EXTRACT FROM THE GAZETTE OF THE SITTING OF THE PREZIDIUM OF
THE CONSTITUENT ASSEMBLY
23 June 1920
Chaired by Al. Lomtatidze
Secretary K. Japaridze
The discussed issue:
On publication of the law in the language
of national minority in addition of the publication in the state language.
Decision: Having heard the conclusion by the
legal commission on application of the member of the Constituent Assembly Paul Bulli, the Presidium considers necessary to declare the
The Presidium shares the opinion that every law
shall be published in the language understandable to each citizen of the
But the question comes how to realize this
principle Ė to deliver the law to each citizen without any discrepancies.
The Legal Commission considers desirable to
publish the laws in a language understandable to national minorities and the
Government should organize it.
Of course here we mean translation of the laws
into the languages of different minorities residing in
The Presidium considers impossible to translate
and publish† the
laws in several languages.
In order to accept the proposal of the Legal
Commission, even if the Ossetians and others will not
be taken into account the laws shall be translated at least into three
languages: Armenian, Azeri and Russian as there are quite large communities of
these nations in
It goes without saying that the state agency
responsible for translation will not be able to provide correct and accurate
translation in Armenian and Azery languages.
Problem is not to find interpreter; the
translation shall be checked by the authorized official who will take
responsibility for accuracy, as well as for proper interpretation of the
The Presidium considers that at the current
state it will not be possible to find such an official.† Without such authorization the translation of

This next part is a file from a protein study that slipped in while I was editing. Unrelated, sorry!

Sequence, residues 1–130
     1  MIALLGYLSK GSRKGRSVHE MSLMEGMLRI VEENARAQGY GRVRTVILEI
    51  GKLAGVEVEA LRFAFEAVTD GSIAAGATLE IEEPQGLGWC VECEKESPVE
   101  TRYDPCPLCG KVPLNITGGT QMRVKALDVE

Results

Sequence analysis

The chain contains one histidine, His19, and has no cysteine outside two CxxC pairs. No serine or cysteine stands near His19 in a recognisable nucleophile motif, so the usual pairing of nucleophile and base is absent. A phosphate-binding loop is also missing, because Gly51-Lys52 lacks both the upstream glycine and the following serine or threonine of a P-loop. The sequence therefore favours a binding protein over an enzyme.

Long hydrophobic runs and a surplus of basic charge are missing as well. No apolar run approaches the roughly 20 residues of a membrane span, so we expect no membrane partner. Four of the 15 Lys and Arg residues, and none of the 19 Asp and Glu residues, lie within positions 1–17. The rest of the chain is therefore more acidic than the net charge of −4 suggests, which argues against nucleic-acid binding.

laws may lay ground to the misinterpretation of the laws.
As for the Russian language, there is the least
impediment in translating.† But in this
case the major principle, i.e. translation of laws into the language
understandable for all of the national minorities will be unfeasible.† First of all Russians know the Russian
language, also some small groups of Armenians and Azeries,
i.e. intelligentsia.† But the wider
layers of both nations have poor command in Russian and they fail to understand
the laws while reading without interpretation into their own language.
Therefore the situation for the most part of
the national minorities remains as it was before, i.e. the laws will be
published only in the state language.† At
the same time it should be mentioned that the workers in the city and the
farmers in the villages have better command in Georgian rather than in Russian.
As for translating the laws into Russian for
Russians and those minorities who speak Russian, the difficulties still exist
but itís possible to overcome them.
The major obstacle still is the responsibility
for accuracy of the translation.
Itís difficult itself to draw up the clear and
comprehended law in original and of course the translation is much more
difficult.† Therefore translating the laws
from one language into another is a risky business.
Itís easy to assume that mistake in translation
may lay the ground to misinterpretation and hazy ideas. Consequently we will be
facing the breach of legal principles, as well as the deterioration of substantive
interests.† Who will be responsible for
this?† Of course the state as the state
shall be accountable for the conduct of public officials.
Another practical issue also shall be
The Georgian legislation is rather young yet
and the legal language and legal mentality shall pass the long way until they
achieve the necessary form and wording.
If in this process of development
simultaneously to Georgian the Russian language will be used, which is already
developed in this field and has its form, evidently the Georgian language will
Today many of the legal acts are just
translated from Russian original and the alien spirit and Russian mentality are
vividly demonstrated there. In Georgian they sound rather strange in a form of
questions and answers.
If translating the laws into Russian is
obligatory, evidently the laws will be written in Russian and the Georgian
original actually will be the translation.
Proceeding from the aforementioned the
Presidium concludes that the laws shall be published only in the state
language, as it is in practice now.
With this the Presidium underlines that
distribution of laws in other languages is the business of private
publishers.† The National Councils of
different nations residing in
(Central State Historical Archive of Georgia,
f. 1833, desc. 1, file 726, p. 3-5; ibidem, file 712a, p. 231-233)